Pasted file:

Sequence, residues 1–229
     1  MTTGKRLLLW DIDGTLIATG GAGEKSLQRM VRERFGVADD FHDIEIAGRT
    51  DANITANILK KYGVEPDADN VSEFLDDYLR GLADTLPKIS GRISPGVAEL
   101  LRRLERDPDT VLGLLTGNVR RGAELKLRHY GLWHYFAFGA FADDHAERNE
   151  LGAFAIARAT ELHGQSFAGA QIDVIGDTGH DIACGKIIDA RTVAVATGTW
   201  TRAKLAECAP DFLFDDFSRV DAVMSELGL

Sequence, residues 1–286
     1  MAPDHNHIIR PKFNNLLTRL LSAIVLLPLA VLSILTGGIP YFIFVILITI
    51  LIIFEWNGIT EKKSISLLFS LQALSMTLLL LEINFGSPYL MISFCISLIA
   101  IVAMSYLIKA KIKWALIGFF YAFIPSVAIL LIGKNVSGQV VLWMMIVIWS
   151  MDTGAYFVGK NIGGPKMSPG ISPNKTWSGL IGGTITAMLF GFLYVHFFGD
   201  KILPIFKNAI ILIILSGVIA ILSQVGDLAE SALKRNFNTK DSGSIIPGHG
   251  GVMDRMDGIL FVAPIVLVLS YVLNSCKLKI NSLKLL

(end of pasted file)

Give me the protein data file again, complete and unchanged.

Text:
Sequence, residues 1–229
     1  MTTGKRLLLW DIDGTLIATG GAGEKSLQRM VRERFGVADD FHDIEIAGRT
    51  DANITANILK KYGVEPDADN VSEFLDDYLR GLADTLPKIS GRISPGVAEL
   101  LRRLERDPDT VLGLLTGNVR RGAELKLRHY GLWHYFAFGA FADDHAERNE
   151  LGAFAIARAT ELHGQSFAGA QIDVIGDTGH DIACGKIIDA RTVAVATGTW
   201  TRAKLAECAP DFLFDDFSRV DAVMSELGL

Sequence, residues 1–286
     1  MAPDHNHIIR PKFNNLLTRL LSAIVLLPLA VLSILTGGIP YFIFVILITI
    51  LIIFEWNGIT EKKSISLLFS LQALSMTLLL LEINFGSPYL MISFCISLIA
   101  IVAMSYLIKA KIKWALIGFF YAFIPSVAIL LIGKNVSGQV VLWMMIVIWS
   151  MDTGAYFVGK NIGGPKMSPG ISPNKTWSGL IGGTITAMLF GFLYVHFFGD
   201  KILPIFKNAI ILIILSGVIA ILSQVGDLAE SALKRNFNTK DSGSIIPGHG
   251  GVMDRMDGIL FVAPIVLVLS YVLNSCKLKI NSLKLL